Li C, Li X, Miao Y, Wang Q, Jiang W, Xu C, Li J, Han J, Zhang F, Gong B (2009) SubpathwayMiner: a software package for flexible identification of pathways. Nucleic Acids Res 37(19):e131–e131CrossRefPubMedPubMedCentralGoogle Scholar
  14. 14.
    Kanehisa M (2002) The KEGG database. Novartis Found Symp 247:91–101 discussion 101–103, 119–128, 244–152CrossRefPubMedGoogle Scholar
  15. 15.
    Franceschini A, Szklarczyk D, Frankild S, Kuhn M, Simonovic M, Roth A, Lin J, Minguez P, Bork P, von Mering C (2013) STRING v9. 1: protein-protein interaction networks, with increased coverage and integration. Nucleic Acids Res 41(D1):D808–D815CrossRefPubMedGoogle Scholar
  16. 16.
    Shannon P, Markiel A, Ozier O, Baliga NS, Wang JT, Ramage D, Amin N, Schwikowski B, Ideker T (2003) Cytoscape: a software environment for integrated models of biomolecular interaction networks. Genome Res 13(11):2498–2504CrossRefPubMedPubMedCentralGoogle Scholar
  17. 17.
    Cory G (2011) Scratch-wound assay. Cell Migration. Springer, In, pp 25–30Google Scholar
  18. 18.
    Rydén L, Linderholm B, Nielsen NH, Emdin S, Jönsson P-E, Landberg G (2003) Tumor specific VEGF-A and VEGFR2/KDR protein are co-expressed in breast cancer. Breast Cancer Res Treat 82(3):147–154CrossRefPubMedGoogle Scholar
  19. 19.
    Oommen S, Gupta SK, Vlahakis NE (2011) Vascular endothelial growth factor a (VEGF-A) induces endothelial and cancer cell migration through direct binding to integrin α9β1 identification of a specific α9β1 binding site. J Biol Chem 286(2):1083–1092CrossRefPubMedGoogle Scholar
  20. 20.
    Yin YP, Wei WH, Wang HC, Zhu BY, Yu YH, Chen XS, Peeling RW, Cohen MS (2009) Performance of serological tests for syphilis in sexually transmitted diseases clinics in Guangxi Autonomous Region, China: implications for syphilis surveillance and control. Sex Health 6(1):5–9CrossRefPubMedGoogle Scholar
  21. 21.
    Eun YG, Lee YC, Lee J-W (2015) A polymorphism of VEGFA is associated with susceptibility to extrathyroidal invasion of papillary thyroid cancer. Cancer Res 75(15 Supplement):5280–5280CrossRefGoogle Scholar
  22. 22.
    Gong J, Zhu S, Zhang Y, Wang J (2014) Interplay of VEGFa and MMP2 regulates invasion of glioblastoma. Tumor Biol 35(12):11879–11885CrossRefGoogle Scholar
  23. 23.
    Chen L, Xiao H, Wang Z-H, Huang Y, Liu Z-P, Ren H, Song H (2014) miR-29a suppresses growth and invasion of gastric cancer cells in vitro by targeting VEGF-A. BMB Rep 47(1):39–44CrossRefPubMedPubMedCentralGoogle Scholar
  24. 24.
    Gu A, Lu J, Wang W, Shi C, Han B, Yao M (2016) Role of miR-497 in VEGF-A-mediated cancer cell growth and invasion in non-small cell lung cancer. Int J Biochem Cell Biol 70:118–125CrossRefPubMedGoogle Scholar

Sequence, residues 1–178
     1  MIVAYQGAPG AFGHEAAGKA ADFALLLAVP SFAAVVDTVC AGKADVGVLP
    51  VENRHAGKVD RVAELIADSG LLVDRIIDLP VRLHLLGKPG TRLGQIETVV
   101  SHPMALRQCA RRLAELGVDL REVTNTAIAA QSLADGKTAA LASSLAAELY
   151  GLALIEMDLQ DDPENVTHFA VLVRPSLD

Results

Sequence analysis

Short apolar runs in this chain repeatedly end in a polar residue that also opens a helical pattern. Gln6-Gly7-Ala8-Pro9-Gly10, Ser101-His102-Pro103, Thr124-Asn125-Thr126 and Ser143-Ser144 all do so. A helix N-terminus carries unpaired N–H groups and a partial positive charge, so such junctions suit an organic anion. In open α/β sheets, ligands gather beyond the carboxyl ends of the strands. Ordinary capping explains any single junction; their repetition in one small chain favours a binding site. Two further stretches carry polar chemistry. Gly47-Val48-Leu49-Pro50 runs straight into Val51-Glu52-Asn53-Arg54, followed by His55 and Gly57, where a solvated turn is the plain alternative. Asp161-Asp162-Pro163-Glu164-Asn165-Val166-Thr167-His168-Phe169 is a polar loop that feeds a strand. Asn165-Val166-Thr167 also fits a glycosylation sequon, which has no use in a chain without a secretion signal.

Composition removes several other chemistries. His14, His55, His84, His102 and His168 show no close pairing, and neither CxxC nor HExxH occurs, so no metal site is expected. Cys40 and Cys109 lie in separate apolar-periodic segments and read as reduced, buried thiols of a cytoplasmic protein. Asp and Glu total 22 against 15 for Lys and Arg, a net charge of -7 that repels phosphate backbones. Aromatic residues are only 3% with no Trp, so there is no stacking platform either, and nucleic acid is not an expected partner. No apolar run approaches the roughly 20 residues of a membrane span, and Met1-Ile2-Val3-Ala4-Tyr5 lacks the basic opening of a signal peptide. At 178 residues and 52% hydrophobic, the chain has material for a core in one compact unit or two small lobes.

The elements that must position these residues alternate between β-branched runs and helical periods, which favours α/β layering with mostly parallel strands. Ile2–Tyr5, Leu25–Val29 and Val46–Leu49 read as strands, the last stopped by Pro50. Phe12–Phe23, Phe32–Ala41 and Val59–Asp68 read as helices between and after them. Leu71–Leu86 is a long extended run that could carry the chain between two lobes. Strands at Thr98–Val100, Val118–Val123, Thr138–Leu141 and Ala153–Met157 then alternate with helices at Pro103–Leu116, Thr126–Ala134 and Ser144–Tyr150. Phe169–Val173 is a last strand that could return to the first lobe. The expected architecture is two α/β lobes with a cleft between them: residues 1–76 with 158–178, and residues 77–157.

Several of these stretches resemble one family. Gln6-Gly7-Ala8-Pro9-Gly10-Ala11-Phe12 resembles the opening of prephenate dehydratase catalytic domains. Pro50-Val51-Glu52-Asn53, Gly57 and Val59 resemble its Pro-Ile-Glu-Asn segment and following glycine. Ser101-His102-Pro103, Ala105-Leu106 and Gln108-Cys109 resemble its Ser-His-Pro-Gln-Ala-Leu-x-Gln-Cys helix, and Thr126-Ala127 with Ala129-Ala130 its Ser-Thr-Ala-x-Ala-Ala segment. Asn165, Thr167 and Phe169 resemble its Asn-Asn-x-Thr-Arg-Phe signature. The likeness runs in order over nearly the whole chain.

25. 25.
    Whitehurst B, Flister MJ, Bagaitkar J, Volk L, Bivens CM, Pickett B, Castro-Rivera E, Brekken RA, Gerard RD, Ran S (2007) Anti-VEGF-A therapy reduces lymphatic vessel density and expression of VEGFR-3 in an orthotopic breast tumor model. Int J Cancer 121(10):2181–2191CrossRefPubMedGoogle Scholar
  26. 26.
    Rydén L, Stendahl M, Jonsson H, Emdin S, Bengtsson NO, Landberg G (2005) Tumor-specific VEGF-A and VEGFR2 in postmenopausal breast cancer patients with long-term follow-up. Implication of a link between VEGF pathway and tamoxifen response. Breast Cancer Res Treat 89(2):135–143CrossRefPubMedGoogle Scholar
  27. 27.
    Bai X, Geng J, Li X, Yang F, Tian J (2015) VEGF-A inhibition ameliorates podocyte apoptosis via repression of activating protein 1 in diabetes. Am J Nephrol 40(6):523–534. doi: 10.1159/000369942 CrossRefGoogle Scholar
  28. 28.
    Zelzer E, Mamluk R, Ferrara N, Johnson RS, Schipani E, Olsen BR (2004) VEGFA is necessary for chondrocyte survival during bone development. Development 131(9):2161–2171CrossRefPubMedGoogle Scholar
  29. 29.
    Balasubramanian SP, Cox A, Cross SS, Higham SE, Brown NJ, Reed MW (2007) Influence of VEGF-A gene variation and protein levels in breast cancer susceptibility and severity. Int J Cancer 121(5):1009–1016CrossRefPubMedGoogle Scholar
  30. 30.
    Ma X, Shen D, Li H, Zhang Y, Lv X, Huang Q, Gao Y, Li X, Gu L, Xiu S (2015) MicroRNA-185 inhibits cell proliferation and induces cell apoptosis by targeting VEGFA directly in von Hippel-Lindau–inactivated clear cell renal cell carcinoma. In: Urologic Oncology: Seminars and Original Investigations. Elsevier, pp 169. e161–169. e111Google Scholar

Copyright information

© Arányi Lajos Foundation 2017

Authors and Affiliations

  • Haihong Pu
    • 1
  • Qingyuan Zhang
    • 1
    Email author
  • Chunbo Zhao
    • 2
  • Lei Shi
    • 3
  • Yan Wang
    • 1
  • Jingxuan Wang
    • 1
  • Minghui Zhang
    • 1
  1. 1.Department of Medical OncologyHarbin Medical University Cancer HospitalHarbinChina
  2. 2.Department of Radiation OncologyHarbin Medical University Cancer HospitalHarbinChina
  3. 3.Department of Radiation OncologyThe Fourth Affiliated Hospital of Harbin Medical UniversityHarbinChina

Personalised recommendations